SMS Pro Aviation Safety Software Blog 4 Airlines & Airports

Doug Walker

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How to Optimize Risk Management Processes for Aviation SMS Programs

Posted by Doug Walker on Dec 1, 2018 5:51:00 AM

What Is an SMS Risk Control Process?

A risk control process for an aviation safety management system (SMS) entails a series of risk management tasks that are executed whenever:

  • Hazards are identified;
  • An event has occurred (accident, incident, irregularity); or
  • An audit finding is uncovered (internal as well as external audits).

The risk control process offers a step of repeatable tasks to bring risk to ALARP (as low as reasonably practical). These risk management tasks may not always be sequential, meaning that some tasks may be worked on simultaneously or some tasks may have to be repeated.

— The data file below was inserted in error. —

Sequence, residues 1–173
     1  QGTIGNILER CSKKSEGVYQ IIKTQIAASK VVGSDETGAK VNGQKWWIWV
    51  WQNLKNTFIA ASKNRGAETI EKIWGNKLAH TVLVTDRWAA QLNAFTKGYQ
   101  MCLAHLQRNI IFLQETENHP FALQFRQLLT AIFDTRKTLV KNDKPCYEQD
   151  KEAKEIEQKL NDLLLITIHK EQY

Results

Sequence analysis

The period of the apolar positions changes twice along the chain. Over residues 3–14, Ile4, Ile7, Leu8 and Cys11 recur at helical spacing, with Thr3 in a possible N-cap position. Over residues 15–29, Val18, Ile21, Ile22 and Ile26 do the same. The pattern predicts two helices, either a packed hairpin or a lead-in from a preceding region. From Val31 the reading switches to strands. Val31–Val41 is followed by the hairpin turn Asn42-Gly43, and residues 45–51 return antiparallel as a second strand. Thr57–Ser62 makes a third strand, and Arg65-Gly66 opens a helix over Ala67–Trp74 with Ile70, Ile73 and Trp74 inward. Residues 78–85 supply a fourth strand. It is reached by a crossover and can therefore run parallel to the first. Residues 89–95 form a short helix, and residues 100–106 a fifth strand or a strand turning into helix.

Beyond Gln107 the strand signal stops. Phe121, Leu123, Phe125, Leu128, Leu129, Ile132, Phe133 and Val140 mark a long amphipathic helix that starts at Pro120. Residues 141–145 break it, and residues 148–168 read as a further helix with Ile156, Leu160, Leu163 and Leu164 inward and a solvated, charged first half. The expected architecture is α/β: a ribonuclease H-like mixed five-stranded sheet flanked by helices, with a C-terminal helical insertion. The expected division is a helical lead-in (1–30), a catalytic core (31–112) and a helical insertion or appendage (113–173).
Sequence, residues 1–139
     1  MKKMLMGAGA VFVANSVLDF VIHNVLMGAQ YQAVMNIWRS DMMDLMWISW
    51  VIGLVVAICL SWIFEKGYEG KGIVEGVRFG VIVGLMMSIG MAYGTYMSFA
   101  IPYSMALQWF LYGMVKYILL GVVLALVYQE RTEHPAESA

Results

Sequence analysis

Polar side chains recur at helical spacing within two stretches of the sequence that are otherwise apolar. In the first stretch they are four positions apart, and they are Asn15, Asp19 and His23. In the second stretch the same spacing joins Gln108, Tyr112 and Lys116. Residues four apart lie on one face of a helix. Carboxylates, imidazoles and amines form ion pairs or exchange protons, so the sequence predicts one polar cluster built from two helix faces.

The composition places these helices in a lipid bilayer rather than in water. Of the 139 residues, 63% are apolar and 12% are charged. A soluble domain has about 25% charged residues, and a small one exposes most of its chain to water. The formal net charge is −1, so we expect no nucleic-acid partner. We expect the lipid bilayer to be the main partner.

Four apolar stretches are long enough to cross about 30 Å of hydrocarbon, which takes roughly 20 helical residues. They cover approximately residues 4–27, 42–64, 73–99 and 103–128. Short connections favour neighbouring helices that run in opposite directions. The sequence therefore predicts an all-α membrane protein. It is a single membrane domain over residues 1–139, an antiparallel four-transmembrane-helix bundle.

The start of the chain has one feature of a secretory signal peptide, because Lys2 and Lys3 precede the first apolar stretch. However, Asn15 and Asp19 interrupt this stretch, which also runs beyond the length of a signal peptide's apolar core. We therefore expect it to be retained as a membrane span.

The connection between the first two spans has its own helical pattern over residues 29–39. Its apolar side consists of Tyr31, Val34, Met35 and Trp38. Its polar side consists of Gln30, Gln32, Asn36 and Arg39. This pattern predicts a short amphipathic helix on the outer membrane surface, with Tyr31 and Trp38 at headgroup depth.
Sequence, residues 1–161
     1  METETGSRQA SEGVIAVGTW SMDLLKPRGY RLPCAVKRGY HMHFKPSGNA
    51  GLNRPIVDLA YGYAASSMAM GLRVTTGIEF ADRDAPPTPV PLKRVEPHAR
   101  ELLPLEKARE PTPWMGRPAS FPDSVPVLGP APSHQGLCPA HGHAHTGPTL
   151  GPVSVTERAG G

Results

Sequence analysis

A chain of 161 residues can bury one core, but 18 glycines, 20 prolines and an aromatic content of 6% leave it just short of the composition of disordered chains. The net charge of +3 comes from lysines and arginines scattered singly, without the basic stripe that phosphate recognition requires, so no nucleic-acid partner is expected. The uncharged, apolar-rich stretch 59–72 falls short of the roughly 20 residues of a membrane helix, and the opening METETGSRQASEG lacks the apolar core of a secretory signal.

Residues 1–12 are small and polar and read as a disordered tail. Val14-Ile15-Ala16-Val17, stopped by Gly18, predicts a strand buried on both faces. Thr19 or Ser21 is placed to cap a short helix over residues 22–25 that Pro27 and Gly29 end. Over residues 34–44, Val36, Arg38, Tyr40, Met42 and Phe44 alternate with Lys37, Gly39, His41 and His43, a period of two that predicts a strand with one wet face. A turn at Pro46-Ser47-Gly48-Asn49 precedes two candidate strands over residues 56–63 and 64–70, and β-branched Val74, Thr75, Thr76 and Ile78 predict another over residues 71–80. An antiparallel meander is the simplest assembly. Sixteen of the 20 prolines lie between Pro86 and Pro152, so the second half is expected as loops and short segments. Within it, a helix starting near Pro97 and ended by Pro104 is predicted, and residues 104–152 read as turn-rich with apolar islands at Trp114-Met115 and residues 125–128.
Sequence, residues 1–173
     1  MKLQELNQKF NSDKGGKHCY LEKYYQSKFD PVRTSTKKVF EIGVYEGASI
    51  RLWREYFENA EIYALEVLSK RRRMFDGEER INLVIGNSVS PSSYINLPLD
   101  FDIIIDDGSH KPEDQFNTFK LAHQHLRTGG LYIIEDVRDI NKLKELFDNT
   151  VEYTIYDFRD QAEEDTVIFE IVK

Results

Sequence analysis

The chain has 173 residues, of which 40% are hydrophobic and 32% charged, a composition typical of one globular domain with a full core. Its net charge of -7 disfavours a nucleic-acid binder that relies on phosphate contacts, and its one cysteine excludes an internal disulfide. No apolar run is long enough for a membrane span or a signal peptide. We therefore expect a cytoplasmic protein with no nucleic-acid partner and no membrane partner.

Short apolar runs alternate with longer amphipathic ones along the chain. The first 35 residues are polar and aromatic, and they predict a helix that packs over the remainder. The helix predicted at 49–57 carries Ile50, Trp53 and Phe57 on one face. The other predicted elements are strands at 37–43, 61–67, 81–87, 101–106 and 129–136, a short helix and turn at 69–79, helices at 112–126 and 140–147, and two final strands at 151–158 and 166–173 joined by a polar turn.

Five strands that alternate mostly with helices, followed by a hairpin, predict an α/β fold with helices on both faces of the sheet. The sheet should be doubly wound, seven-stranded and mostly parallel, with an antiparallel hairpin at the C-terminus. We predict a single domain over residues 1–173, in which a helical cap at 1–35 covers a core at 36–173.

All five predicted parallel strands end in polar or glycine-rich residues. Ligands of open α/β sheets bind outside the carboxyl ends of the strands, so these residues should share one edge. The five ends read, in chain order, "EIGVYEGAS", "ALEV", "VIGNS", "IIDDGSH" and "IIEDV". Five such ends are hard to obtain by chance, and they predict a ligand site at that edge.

What follows are some best practices to consider when developing or reviewing your aviation safety management systems risk control processes and optimizing the information flow to the rest of the organization.

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Topics: Aviation SMS Implementation

From Reactive to Proactive Hazard Identification in Aviation SMS

Posted by Doug Walker on Nov 30, 2018 5:42:00 AM

Proactive Hazard Identification Saves Lives

Every aviation operation endures varying levels of risk, depending on ever-changing environmental conditions.

The operating environment never remains constant.

No two operations are identical.

Certain factors will always interject uncertainty and risk into the operation, including:

  • Human;
  • Equipment; and
  • Environmental.

There are times when pilots and maintenance personnel need to determine in advance whether the operation they are about to undertake involves inordinately high levels of risk. Aviation service providers should deem it critical for both asset protection and risk management best practices to establish a review process for certain types of operations.

Here we'll explore the benefits of proactively identifying hazards and why many managers don't like to incorporate flight risk assessments into their daily operations.